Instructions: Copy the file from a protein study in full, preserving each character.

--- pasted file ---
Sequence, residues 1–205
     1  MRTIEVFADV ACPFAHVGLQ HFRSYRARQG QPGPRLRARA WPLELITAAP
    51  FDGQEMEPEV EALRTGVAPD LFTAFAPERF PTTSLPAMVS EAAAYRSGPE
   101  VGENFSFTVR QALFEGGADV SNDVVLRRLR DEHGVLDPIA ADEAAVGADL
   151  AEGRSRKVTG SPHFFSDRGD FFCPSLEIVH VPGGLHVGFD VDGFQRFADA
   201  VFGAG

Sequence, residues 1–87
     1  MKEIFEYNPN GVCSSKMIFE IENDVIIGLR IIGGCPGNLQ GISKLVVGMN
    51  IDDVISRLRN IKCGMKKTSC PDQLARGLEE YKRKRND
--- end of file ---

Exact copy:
Sequence, residues 1–205
     1  MRTIEVFADV ACPFAHVGLQ HFRSYRARQG QPGPRLRARA WPLELITAAP
    51  FDGQEMEPEV EALRTGVAPD LFTAFAPERF PTTSLPAMVS EAAAYRSGPE
   101  VGENFSFTVR QALFEGGADV SNDVVLRRLR DEHGVLDPIA ADEAAVGADL
   151  AEGRSRKVTG SPHFFSDRGD FFCPSLEIVH VPGGLHVGFD VDGFQRFADA
   201  VFGAG

Sequence, residues 1–87
     1  MKEIFEYNPN GVCSSKMIFE IENDVIIGLR IIGGCPGNLQ GISKLVVGMN
    51  IDDVISRLRN IKCGMKKTSC PDQLARGLEE YKRKRND